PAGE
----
Wednesday, 23 April 2014

What is the Salary of a Journalist in India?

How much do Indian journalists earn in a month? What is the median to the pay package and incentives that news reporters and production journalists share?

Some of the commonest queries that I receive from readers, aspiring journalists, and Mass Communication students revolve around salaries and incentives members of news organizations "enjoy." I wouldn't like to encourage false hopes if you are the socialite-type though.

Money. Money. Money. Who would have thought that the good institution also pays its share of tributes to Mr. Mammon. The new media corporate, after all, is also your livelihood, is it not?

Salaries have not always been compassionate to “third-world” journalists. The United States and the United Kingdom, Australia and Canada are where the greener (and taller) grass is. Prosperous Asian economies such as China, South Korean, and Japan, dole out bigger benefits and higher living-standards-to-remuneration ratios too, obviously.

India woke to the plight of journalists late. Thankfully, for the competitive and skilled Indian journalist of the millennial years things are brighter than it was 10 years ago. He can earn well if he is market-savvy, proficient in news-gathering, is dedicated and loves competition.

From Small Change to Green Winds

The new economic realities globalization brought about also found reflection in the way the media industry began interpreting the economics of its employees. Since 1955, the government’s policy-makers have been instating wage boards to review the salaries of professionals in India. For instance, in 2007, the central government instated the Majithia Wage Board for Working Journalists. The wage board is perhaps the most proactive of the wage boards 

if one compares the industry lacunae of the post-globalization boom and the subsequent recession that saw mass layoffs and buyouts. The only problem: There are just too many publishers that want to hoard the money while the actual revenue generators, the news personnel, languish in the BPL pay band.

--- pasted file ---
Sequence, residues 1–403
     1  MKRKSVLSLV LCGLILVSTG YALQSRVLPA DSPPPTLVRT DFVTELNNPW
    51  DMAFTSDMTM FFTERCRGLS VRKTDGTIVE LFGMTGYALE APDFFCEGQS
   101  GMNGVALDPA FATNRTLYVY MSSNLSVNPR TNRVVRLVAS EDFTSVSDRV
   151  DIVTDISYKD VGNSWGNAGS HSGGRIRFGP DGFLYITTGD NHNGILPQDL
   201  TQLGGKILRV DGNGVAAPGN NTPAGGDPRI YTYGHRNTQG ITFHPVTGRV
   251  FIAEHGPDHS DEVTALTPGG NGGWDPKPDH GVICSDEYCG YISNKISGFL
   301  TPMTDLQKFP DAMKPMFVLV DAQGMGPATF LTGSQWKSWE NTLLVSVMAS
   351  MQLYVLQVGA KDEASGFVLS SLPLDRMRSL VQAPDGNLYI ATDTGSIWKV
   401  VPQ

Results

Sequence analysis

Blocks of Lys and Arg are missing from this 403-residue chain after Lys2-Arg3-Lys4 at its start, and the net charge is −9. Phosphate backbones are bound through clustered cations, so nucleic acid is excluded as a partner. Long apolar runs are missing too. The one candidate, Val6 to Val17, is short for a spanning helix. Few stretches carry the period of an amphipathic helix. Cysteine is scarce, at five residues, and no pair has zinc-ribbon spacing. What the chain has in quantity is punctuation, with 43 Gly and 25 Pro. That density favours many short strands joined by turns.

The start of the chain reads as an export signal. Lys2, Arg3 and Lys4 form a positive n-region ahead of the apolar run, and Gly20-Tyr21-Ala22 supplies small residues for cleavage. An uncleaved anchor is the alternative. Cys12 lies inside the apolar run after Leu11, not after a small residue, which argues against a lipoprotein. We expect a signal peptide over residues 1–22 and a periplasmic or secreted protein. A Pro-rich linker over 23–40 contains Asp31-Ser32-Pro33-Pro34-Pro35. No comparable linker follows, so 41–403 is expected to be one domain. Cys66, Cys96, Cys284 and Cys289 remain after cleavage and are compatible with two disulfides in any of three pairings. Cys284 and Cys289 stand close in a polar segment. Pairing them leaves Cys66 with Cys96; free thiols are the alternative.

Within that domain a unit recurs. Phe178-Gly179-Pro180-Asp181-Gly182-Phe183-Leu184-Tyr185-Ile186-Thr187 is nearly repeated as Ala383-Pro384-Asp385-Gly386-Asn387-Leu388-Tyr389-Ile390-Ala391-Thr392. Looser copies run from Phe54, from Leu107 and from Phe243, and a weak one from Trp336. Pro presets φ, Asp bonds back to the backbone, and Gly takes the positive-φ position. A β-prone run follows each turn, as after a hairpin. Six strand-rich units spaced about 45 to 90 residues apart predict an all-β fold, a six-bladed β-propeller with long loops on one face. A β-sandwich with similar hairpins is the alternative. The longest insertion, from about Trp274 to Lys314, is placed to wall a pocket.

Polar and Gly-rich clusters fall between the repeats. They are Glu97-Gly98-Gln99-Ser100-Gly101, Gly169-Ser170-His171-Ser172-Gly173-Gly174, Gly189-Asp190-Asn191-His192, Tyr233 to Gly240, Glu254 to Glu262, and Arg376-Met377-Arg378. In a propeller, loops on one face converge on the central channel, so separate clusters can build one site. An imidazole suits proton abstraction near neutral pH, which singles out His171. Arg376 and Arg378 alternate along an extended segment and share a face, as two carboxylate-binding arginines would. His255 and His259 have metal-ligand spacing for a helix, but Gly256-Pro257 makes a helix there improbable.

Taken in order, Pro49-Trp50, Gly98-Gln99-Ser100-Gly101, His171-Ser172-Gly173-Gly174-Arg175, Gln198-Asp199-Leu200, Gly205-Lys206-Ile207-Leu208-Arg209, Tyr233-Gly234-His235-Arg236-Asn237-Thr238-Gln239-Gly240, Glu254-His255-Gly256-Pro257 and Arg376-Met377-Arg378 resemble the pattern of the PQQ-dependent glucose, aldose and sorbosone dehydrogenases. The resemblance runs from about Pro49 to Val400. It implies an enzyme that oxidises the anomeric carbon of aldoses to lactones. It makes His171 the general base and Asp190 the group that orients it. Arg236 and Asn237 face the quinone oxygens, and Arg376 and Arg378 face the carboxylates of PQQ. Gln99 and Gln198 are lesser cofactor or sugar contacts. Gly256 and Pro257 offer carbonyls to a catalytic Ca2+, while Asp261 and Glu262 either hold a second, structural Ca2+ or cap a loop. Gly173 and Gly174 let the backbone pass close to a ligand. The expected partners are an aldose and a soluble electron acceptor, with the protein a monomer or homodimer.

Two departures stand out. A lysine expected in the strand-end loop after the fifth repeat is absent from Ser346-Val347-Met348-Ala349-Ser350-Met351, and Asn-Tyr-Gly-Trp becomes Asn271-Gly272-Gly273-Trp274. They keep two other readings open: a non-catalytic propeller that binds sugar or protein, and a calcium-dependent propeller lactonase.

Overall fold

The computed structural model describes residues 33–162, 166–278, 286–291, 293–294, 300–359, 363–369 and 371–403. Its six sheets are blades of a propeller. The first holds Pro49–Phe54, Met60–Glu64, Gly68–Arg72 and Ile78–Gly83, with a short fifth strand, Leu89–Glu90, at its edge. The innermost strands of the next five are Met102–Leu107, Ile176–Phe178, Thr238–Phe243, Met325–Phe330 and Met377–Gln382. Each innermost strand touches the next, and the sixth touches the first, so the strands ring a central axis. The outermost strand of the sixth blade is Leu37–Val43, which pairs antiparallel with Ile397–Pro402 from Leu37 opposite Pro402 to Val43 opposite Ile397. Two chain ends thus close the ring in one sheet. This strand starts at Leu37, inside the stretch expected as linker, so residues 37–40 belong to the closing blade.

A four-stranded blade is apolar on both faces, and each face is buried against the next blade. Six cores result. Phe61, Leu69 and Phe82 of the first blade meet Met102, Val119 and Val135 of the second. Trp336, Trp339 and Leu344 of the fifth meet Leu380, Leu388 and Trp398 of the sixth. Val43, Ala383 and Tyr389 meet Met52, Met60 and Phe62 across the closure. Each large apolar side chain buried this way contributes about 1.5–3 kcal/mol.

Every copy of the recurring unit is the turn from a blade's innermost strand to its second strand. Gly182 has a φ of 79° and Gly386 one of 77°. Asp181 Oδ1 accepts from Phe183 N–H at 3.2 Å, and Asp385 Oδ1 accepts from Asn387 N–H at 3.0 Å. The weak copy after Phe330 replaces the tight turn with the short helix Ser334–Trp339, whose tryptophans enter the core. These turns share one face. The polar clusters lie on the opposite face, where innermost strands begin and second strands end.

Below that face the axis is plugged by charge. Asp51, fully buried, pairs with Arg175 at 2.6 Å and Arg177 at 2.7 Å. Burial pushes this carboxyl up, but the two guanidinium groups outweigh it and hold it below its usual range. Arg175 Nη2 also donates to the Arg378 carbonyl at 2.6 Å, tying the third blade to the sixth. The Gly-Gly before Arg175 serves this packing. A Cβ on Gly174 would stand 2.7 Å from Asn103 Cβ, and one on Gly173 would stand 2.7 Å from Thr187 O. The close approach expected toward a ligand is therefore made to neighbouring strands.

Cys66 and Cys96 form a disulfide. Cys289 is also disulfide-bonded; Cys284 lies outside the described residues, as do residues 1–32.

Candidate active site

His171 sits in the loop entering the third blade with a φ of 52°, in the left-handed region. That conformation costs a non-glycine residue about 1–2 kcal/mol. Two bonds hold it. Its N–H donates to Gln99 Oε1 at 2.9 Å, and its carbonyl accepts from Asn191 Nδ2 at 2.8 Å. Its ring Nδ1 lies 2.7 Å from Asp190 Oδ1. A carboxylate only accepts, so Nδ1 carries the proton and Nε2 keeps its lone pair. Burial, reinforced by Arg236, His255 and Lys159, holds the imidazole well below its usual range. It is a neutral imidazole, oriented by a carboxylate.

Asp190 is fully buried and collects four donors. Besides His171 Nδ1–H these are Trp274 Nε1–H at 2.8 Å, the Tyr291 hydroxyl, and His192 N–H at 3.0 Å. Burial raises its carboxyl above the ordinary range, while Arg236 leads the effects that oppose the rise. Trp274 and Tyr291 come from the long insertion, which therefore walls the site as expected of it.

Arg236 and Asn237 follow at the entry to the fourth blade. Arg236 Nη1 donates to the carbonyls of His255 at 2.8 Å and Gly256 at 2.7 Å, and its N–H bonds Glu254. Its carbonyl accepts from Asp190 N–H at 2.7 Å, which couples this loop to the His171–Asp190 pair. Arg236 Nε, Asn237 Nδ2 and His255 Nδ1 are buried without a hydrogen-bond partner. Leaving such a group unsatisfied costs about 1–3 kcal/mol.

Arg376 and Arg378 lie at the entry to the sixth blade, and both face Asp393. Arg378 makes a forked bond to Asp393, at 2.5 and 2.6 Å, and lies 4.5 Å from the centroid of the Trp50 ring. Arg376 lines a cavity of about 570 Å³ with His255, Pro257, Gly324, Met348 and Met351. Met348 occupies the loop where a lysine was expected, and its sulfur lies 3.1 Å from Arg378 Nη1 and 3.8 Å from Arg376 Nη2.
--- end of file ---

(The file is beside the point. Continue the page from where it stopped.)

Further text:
Even in my own state, I appreciate that a small state newspaper like The Morung Express would implement, although partially, the Wajithia Wage Board recommendations. The Assam Tribune, a more prominent regional newspaper in the North East Region, has also implemented the wages scale recommended by the board. 

Aside from such small graces, journalists of small news publications generally still toil way  beyond their pay bands while their publishers take home more than they ought to.

In India, the digital media and the broadcast organizations have been nudging into the turfs of the print industry since the digital revolution – the New Media – began in the late ‘90s. The shift from traditional print formats to the more convenient digital form intensified the competition. Meaning, news organizations now offer more competitive paychecks and incentives.

Salaries, incentives journalists in India are paid
Salary Median

Variance, and Base Salaries

In India, a journalist with an experience of 4-and-above years earns an average salary of Rs 2, 20,907 (Median) in a year. Professionals in this profession generally do not have a job experience of more than 20 years. Keep in mind, though, that salaries vary. The salary a reporter receives working for TOI would be lower or higher than his counterpart’s paycheck in the Bangalore Mirror. The same goes for production professionals: An editor in NDTV could be making more than does his counterpart in Times News, and so on.

In other words, a journalist’s salary depends on the reach and extent of the news organization he works with. For Instance, TOI, Indian Express, and Hindustan Times, and CNN, NDTV are large organizations and by casual calculations, their employees make a little more than the smaller news organizations. Salaries also vary, depending on the skills, experience and job profile of the journalist.

The variable applies to regional news groups. For instance, Delhi and Mumbai are the news hot-spots of the country. Salary offered by newspaper organizations in Delhi, or the scale offered by television channels in Mumbai, for instance, could be comparatively (and normally ) higher than those in Bangalore or Chennai.

I hope the following medians give you an idea about the salary journalists make on an average.

Note: All the figures given are in the median, and based on national average, for both newspapers and broadcast journalists. Readers may want to check, or read finance news and corporate blogs regularly to stay updated.

Salary of news production professionals

Let us take a look at the average salary of production professionals – production journalists – working with national news organizations. They are professionals with specialized, applied skills and expertise in various areas of production: language and editing, designing, analysis and knowledge of multi-media platforms and applications.

Senior editor/senior subeditor/senior copywriter/senior copy editor with 6-10 years experience In the country’s metropolitan areas such as Bangalore, Chennai, Delhi, Kolkata, and Mumbai can earn anywhere from Rs. 3 lakh to Rs. 7+ lakh per annum.